OCD, Hoarding, Compulsive Shopping, Fear of Missing Out
Hoarding, Compulsive Shopping, Fear of Missing Out — are patterns of behavior that are extremely problematic, and often get the most out of control. Addictive behaviors are tied to the root causes of OCD and the obsessions. Compulsive hoarding, shopping or “collecting” usually makes you feel good due to a dopamine release (the reward system in the brain). This is why these behaviors often become so obsessive — the person is chemically dependent on the rewarding acts of buying, collecting, shopping, or “taking stock” of what they have.” This obsession can also spill over to “collecting friends.” An obsession to be the most liked person, have the most friends, and have a stock of “reassurance” to make them feel better.
OCD and Constantly Needing or Asking For Re-Assurance
Constantly Needing or Asking For Re-Assurance — is also tied to OCD. There are many people that are constantly flooded with obsessive negative thoughts about themselves or others. This lack of confidence in themselves and what they do pushes OCD suffers to constantly need reassurance. Either reassurance that they are doing the right thing, or that they are liked, or re-assured that they are not hated and people are not ALL out to get them. When the need for reassurance becomes obsessive and unhealthy, that is when the Obsessive Compulsive Disorder shows its face.
OCD, Repeating Words, Constant Praying, Words or Songs Stuck in Your Head
Repeating Words, Constant Praying, Words or Songs Stuck in Your Head — Everyone has had a word or a song stuck in your head from time to time; but, when it happens constantly and starts to invade your life, it becomes an obsession. Feeling compelled to rhyme words, or say the same word over and over again is the most common form of this type of obsessive behavior. Reciting prayers, poems, or songs without any control over it can be frustrating to the OCD sufferer.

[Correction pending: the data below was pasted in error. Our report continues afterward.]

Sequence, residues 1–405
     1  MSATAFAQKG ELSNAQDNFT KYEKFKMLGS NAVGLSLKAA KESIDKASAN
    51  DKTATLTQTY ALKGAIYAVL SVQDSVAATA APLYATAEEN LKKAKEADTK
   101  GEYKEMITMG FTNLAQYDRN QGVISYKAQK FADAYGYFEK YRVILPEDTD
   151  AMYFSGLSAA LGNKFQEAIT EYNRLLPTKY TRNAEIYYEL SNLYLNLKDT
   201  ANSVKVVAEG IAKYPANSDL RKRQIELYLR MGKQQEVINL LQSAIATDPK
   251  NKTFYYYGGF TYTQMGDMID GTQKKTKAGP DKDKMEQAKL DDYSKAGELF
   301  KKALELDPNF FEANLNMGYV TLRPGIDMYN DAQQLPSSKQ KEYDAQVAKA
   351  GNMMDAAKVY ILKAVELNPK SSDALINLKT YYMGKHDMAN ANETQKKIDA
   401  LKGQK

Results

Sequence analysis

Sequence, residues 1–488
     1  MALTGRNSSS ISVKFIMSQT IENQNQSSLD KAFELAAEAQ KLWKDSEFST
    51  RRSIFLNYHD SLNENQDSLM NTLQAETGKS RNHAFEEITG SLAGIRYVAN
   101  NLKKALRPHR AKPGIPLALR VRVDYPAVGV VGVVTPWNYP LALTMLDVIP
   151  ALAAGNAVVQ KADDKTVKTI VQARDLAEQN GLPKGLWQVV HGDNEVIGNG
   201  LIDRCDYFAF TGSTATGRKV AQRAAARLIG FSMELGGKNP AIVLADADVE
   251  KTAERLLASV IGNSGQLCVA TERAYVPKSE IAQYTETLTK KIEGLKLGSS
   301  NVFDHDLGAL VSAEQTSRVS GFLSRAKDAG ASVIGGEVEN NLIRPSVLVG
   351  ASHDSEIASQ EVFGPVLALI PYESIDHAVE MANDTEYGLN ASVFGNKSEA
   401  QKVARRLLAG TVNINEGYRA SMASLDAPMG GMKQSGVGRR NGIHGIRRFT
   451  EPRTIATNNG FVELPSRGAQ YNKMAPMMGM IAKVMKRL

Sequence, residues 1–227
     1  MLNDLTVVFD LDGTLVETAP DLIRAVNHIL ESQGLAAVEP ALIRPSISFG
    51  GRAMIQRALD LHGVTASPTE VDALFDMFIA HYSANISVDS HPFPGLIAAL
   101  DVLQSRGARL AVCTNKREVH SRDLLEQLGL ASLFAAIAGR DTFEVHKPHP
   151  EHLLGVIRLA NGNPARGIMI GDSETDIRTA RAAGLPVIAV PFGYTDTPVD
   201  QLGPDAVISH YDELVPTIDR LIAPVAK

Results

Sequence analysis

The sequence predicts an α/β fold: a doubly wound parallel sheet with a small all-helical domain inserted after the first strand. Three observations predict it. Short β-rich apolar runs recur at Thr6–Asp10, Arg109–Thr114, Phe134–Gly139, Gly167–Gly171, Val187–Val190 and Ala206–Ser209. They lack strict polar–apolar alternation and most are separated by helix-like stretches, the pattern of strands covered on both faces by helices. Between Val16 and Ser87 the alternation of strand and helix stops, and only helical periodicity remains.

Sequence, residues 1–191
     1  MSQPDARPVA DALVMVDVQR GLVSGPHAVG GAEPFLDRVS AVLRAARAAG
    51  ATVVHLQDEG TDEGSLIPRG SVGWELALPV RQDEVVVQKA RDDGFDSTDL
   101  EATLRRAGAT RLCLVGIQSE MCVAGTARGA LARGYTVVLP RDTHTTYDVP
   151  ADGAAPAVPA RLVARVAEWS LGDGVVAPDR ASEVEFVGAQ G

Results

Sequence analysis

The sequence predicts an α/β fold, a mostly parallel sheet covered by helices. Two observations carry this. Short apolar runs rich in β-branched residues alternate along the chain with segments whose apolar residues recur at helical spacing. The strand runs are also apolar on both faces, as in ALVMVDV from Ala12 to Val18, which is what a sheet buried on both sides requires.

Obsessive Compulsive Disorder and Tourette’s Syndrome
Obsessive Compulsive Disorder and Tourette’s Syndrome — are also very closely linked. The compulsion to repeat certain actions, sounds or words is a form of OCD called Tourette’s Syndrome. While some of the more extreme forms of Tourette’s make people shout vulgar words and obscenities over and over again, it is more common to be compelled to make sounds like clearing your throat, click your tongue or other behaviors. Not only is Tourette’s a severe form of OCD, it is also very closely tied to substance abuse and malnutrition. Alcoholics, addicts, and those with eating disorders may develop OCD or Tourette’s as the body’s response to craving certain nutrients and vitamins (Much like “Cribbing” – when horses chew on their corral rails as a reaction to needing certain nutrients). If you are abusing drugs or alcohol and notice certain obsessive behaviors developing, it is important to reverse these symptoms before they become long-term obsessions or compulsions.
Getting Help for OCD, Compulsive Behaviors and Substance Abuse
At Active Care Recovery, we treat substance abuse from several fronts. First, we take care of the medical needs like detox and Medication-Assisted Treatment (MAT). The mental health needs are treated from a therapy standpoint, along with the mental health needs around OCD and compulsive or obsessive behaviors. Finally, the nutritional deficiencies caused by addiction and substance abuse are treated. This is extremely important for the body to heal and become healthy again. Once the nutritional deficiencies are removed, the body and brain have less of a reason to cry-out in need of something. Once the body and brain are content, the obsessive thoughts and behaviors can be reversed.